All cancer treatments can cause side effects. It’s important that you report any side effects that you experience to your health care team so they can help you manage them. Report them right away – don’t wait for your next appointment. Doing so will improve your quality of life and allow you to stick with your treatment plan. It’s important to remember that not all patients experience all side effects, and patients may experience side effects not listed here.
Side Effects of Chemotherapy
The side effects of chemotherapy depend on the type and dose of drugs given and the length of time they are used.
They can include:
- Hair loss
- Increased risk of infection (from having too few white blood cells)
- Easy bruising or bleeding
- Changes in memory or thinking
- Peripheral neuropathy (numbness or tingling in hands and feet)
- Inflammation of the pancreas and liver
- Damage to the bones called avascular necrosis
Side Effects of Targeted Therapy
Targeted therapy drugs don’t have the same effect on the body as do chemotherapy drugs, but they can still cause side effects. Common side effects of targeted therapy include rashes, problems with blood clotting and wound healing, diarrhea, liver problems (such as elevated liver enzymes), and high blood pressure.
Side Effects of Immunotherapy
Immunotherapy travels through the bloodstream, helping to prompt an immune response. Because it may attack healthy cells as well as cancer cells, certain side effects may be experienced, including fatigue, decreased appetite and digestive tract symptoms. The management of these potential side effects is discussed later in the next section of this booklet.
CAR T-cell therapy has its own specific potential side effects, including:
- Cytokine-Release Syndrome (CRS). The infusion of CAR T-cells into the body results in the production of large numbers of cytokines (molecules that help cells communicate), which can cause the immune system to become excessively active. This can lead to CRS, with symptoms such as high fever and flu-like symptoms. These side effects can be controlled and reversed with cytokine-blocking drugs and steroids.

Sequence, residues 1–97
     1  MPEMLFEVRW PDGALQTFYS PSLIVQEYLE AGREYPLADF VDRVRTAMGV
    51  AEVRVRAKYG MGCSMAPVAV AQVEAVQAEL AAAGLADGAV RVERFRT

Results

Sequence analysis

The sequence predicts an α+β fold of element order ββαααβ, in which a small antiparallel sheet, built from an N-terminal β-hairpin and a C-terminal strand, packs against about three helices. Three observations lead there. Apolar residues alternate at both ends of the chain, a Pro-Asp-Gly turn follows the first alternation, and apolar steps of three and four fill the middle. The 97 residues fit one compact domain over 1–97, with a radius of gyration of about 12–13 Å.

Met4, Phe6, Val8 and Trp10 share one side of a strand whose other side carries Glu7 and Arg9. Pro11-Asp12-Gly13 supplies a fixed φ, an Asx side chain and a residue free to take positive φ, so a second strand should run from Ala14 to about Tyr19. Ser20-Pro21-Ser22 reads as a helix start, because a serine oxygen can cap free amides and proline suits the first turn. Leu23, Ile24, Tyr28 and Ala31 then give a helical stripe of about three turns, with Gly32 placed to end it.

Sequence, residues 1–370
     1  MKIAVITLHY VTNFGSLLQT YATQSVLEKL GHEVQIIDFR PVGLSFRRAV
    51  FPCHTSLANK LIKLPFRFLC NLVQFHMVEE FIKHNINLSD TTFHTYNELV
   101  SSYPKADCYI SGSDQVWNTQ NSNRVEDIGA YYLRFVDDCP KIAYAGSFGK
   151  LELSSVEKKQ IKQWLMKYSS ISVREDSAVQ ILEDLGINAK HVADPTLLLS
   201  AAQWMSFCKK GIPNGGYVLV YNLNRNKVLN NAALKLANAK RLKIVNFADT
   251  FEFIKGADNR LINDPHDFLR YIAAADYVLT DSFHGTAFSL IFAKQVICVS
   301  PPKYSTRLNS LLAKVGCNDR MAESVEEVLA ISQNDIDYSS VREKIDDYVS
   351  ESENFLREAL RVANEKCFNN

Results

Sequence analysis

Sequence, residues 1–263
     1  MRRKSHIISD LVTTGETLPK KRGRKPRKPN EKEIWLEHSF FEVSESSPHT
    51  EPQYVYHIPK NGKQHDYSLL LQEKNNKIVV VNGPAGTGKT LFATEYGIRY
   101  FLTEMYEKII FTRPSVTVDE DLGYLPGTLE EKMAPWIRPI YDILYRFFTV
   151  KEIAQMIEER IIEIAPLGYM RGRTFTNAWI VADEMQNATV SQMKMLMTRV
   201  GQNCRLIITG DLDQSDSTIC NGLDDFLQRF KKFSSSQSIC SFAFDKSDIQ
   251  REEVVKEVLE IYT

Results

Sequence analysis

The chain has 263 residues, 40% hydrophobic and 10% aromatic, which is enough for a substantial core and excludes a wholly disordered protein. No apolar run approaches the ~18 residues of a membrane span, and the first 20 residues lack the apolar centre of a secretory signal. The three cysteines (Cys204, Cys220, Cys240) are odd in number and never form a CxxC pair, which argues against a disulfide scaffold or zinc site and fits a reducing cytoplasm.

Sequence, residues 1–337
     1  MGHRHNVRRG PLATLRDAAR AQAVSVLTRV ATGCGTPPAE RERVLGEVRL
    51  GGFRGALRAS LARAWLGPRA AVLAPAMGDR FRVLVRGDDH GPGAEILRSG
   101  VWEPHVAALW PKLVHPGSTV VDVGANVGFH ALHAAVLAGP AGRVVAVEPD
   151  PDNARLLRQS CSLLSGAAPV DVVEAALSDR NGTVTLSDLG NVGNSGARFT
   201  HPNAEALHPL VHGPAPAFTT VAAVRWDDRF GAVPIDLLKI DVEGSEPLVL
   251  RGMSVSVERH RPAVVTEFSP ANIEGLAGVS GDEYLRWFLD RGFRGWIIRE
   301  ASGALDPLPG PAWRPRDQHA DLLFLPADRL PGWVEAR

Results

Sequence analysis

- Changes in Cognition. Some changes in cognition (thought processes) ranging from mild to severe can occur within several days of CAR T-cell therapy. The symptoms are often treated with steroids and are almost always reversible.
- B-Cell Aplasia. CAR T-cell therapy destroys normal as well as cancerous B-cells, which can cause B-cell aplasia (low numbers of B-cells), in which the body is less able to make the antibodies that protect against infection. Immunoglobulin replacement, administered intravenously, can be used to treat or prevent infection.
Managing Digestive Tract Symptoms
Nausea and vomiting
- Avoid food with strong odors, as well as overly sweet, greasy, fried or highly seasoned food.
- Nibble on dry crackers or toast. These bland foods are easy on the stomach.
- Having something in your stomach when you take medication may help ease nausea.
- Many effective medications for nausea and vomiting have been developed in recent years; talk to your doctor about whether any may be right for you.
- Drink plenty of water. Ask your doctor about using drinks such as Gatorade which provide electrolytes as well as liquid. Electrolytes are body salts that must stay in balance for cells to work properly.
- Over-the-counter medicines such as loperamide (Imodium A-D and others) and prescription drugs are available for diarrhea but should be used only if necessary. If the diarrhea is bad enough that you need medicine, discuss it with your doctor or nurse.
- Choose foods that contain soluble fiber, such as beans, oat cereals, oranges and flaxseeds. High-pectin foods such as peaches, apples, oranges, grapefruit, bananas and apricots can also help to avoid diarrhea.
Loss of appetite * To help maintain your weight, eating small meals throughout the day is an easy way to take in more protein and calories. Try to include protein in every meal. * To keep from feeling full early, avoid liquids with meals or take only small sips (unless you need liquids to help swallow). Drink most of your liquids between meals and focus on liquids that have nutritional value. * Keep high-calorie, high-protein snacks on hand such as hard-boiled eggs, peanut butter, cheese, ice cream, granola bars, liquid nutritional supplements, puddings, nuts, canned tuna or trail mix. * If you are struggling to maintain your appetite, talk to your health care team about whether appetite-building medication could be right for you.
Fatigue (extreme tiredness not helped by sleep) is one of the most common side effects of many cancer treatments. If you are taking any medications, your doctor may lower the dose of the drug or drugs, as long as it does not make the treatment less effective. If you are experiencing fatigue, talk to your doctor about whether taking smaller doses is right for you.
There are a number of other tips for reducing fatigue:
- Take several short naps or breaks.
- Take short walks or do some light exercise, if possible.
- Try easier or shorter versions of the activities you enjoy.
- Ask your family or friends to help you with tasks you find difficult or tiring.
There are also prescription medications that may help, such as modafinil. Your health care team can provide guidance on whether medication is the right approach for your individual circumstances.
There are a number of options for pain relief, including prescription and over-the-counter medications. It’s important to talk to a member of your health care team before taking any over-the-counter medication to determine if they are safe and whether they will interfere with your treatments.